Last week internal documents from Edelman, the world’s largest PR firm, were leaked to Greenpeace, exposing an aggressive strategy to target opponents of TransCanada’s Energy East pipeline.

The release of the documents brought TransCanada under fire for using dirty public relations tricks to manipulate public opinion and divide communities on the issue of the company’s 4,600 km Energy East pipeline that will carry 1.1 million barrels a day of Alberta oilsands crude to one small refinery and to export facilities on the east coast.

Today a press release from Edelman confirms the firm is parting ways with TransCanada after “attention…moved away from the merits of TransCanada’s Energy East Pipeline project.”

According to the release, “Edelman and TransCanada have mutually agreed not to extend Edelman’s contract beyond its current term,” which completes at the end of December.

The release also states the communications strategy Edelman devised was meant to “drive an active public discussion that gives Canadians reason to affirmatively support the project.”

Sun, 2014-11-09 15:23Carol Linnitt
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DeSmogCAST Episode 2: Midterm Elections Fallout, #KMFACE and the Fossil Fuel Industry in Kids' Classrooms

This week’s episode of DeSmogCAST covers the fallout of the U.S. midterm elections and what a GOP-led Congress will mean for climate action and the Keystone XL pipeline.

Hosted by DeSmogBlog contributor Farron Cousins, our DeSmog cast – featuring Carol Linnitt, Brendan DeMelle and Steve Horn – also takes a look at fracking bans in several U.S. states, the hilarious success of the #KMFACE campaign, and the importance of community organizing in the face of growing fossil fuel influence in our lives. We discuss Chevron’s ‘Fuel Your Schools’ campaign currently taking place in schools around Vancouver’s lower mainland.

Tue, 2014-11-04 08:55Carol Linnitt
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Auditor General's Report: B.C. Oil and Gas Industry Handed $1.25B in Incentives Since 2009

Christy Clark Encana tour

According to British Columbia’s auditor general, the province has handed out $1.25 billion in financial incentives to the oil and gas sector since 2009 to encourage production.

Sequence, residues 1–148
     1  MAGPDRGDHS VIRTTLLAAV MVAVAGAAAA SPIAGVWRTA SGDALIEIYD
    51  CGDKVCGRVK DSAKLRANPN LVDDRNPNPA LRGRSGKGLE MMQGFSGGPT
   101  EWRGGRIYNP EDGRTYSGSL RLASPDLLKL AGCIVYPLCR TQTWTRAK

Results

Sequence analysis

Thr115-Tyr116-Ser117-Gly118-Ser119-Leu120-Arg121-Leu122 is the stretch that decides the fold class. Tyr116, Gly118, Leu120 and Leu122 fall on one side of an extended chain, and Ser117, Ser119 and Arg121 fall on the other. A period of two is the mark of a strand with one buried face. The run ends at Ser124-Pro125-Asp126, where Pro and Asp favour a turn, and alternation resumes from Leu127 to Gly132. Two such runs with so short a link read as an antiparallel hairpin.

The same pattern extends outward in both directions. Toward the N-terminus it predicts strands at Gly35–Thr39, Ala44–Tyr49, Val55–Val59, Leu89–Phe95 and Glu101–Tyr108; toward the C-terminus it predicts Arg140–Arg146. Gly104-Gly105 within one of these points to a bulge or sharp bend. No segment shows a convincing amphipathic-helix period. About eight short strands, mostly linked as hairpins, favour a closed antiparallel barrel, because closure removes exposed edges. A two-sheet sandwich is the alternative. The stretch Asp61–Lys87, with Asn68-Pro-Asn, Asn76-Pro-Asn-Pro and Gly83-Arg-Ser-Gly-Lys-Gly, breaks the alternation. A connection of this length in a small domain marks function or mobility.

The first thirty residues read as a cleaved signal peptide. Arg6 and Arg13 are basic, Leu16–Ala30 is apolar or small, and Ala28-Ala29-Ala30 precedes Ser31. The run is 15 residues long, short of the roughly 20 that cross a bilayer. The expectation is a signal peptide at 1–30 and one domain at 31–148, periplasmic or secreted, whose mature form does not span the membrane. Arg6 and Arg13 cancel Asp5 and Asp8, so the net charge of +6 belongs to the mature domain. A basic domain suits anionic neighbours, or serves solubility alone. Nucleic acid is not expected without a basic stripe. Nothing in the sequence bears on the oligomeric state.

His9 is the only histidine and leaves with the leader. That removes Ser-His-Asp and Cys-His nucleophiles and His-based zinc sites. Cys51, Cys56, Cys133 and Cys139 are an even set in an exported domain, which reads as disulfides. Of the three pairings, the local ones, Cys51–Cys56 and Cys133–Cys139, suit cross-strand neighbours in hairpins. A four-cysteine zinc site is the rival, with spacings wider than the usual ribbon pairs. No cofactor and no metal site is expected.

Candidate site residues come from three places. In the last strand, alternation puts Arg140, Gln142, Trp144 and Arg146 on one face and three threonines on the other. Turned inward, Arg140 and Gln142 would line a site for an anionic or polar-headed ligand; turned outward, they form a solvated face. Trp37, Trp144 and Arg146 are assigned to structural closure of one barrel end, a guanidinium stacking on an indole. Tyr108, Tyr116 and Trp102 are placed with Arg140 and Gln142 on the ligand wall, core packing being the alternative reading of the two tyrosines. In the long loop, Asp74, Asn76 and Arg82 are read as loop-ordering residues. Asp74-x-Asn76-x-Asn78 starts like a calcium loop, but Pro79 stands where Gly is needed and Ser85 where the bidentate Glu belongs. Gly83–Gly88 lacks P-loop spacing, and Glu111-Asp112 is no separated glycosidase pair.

Auditor General Carol Bellringer outlined the incentives in her 2013-2014 summary of the province’s financial statements.

To encourage production of oil and natural gas in B.C., the province provides financial incentives to oil and gas producers,” she said in the report.

Producers have incurred expenditures that will qualify for $1.25 billion in incentive credits,” she said, “but have not yet produced enough oil or natural gas to claim these amounts.”

That means as producers generate revenue, they can simply claim their incentive credits, reducing how much money the B.C. government collects on the resource.

In this case,” she notes in the report, “this represents a reduction of $1.25 billion in revenue in future years if all the incentives are used.”

Fri, 2014-10-31 13:36Carol Linnitt
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DeSmogCAST Episode 1 Drilling Down: Fracking, Lobbying and the U.S. Midterm Elections

This week DeSmog is launching its inaugural episode of DeSmogCAST, a weekly newscast featuring our writers, experts and invited guests. Each week we’ll discuss breaking stories and engage in analysis of politics, energy and environment issues in the U.S., Canada and around the world.

In this episode, hosted by DeSmog contributor Farron Cousins, our team discusses Steve Horn’s recent story on the new Post Carbon Institute report that calls into question the viability of forecasts for oil and gas production via fracking.

A Horn explains, “if you look at this report it second guesses a lot of the estimates put out by the Energy Information Agency in the States.”

There’s a concept called the drilling treadmill in industry: you have to drill more and more just to maintain productivity. Which means all the things we know about, water contamination, climate change impact, on a county by county basis across the U.S. those happen all over the place just so industry can maintain flat levels of production.”

It’s a story of false premises,” Horn adds.

Mon, 2014-10-27 11:33Emma Gilchrist
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B.C. LNG Strategy Won’t Help Solve Global Climate Change: New Pembina Institute Report

Christy Clark at LNG Canada announcement

The B.C. government’s claim that LNG exports offer the “greatest single step British Columbia can take to fight climate change” is inaccurate in the absence of stronger global climate policies according to a new report released today by the Pembina Institute and the Pacific Institute for Climate Solutions.

Natural gas does have a role to play in a world that avoids two degrees Celsius in global warming, but only if strong emissions reduction policies are put in place in the jurisdictions that produce and consume the gas, says the report, LNG and Climate Change: The Global Context authored by Matt Horne and Josha MacNab.

Natural gas is often described as a bridge fuel. The question is, how long should that bridge be?” says MacNab, B.C. regional director for the Pembina Institute, a national non-profit focused on transitioning Canada to a clean energy future.

Our research suggests it must be very short if we’re going to be able to get off the bridge in time to avoid the worst impacts of climate change.”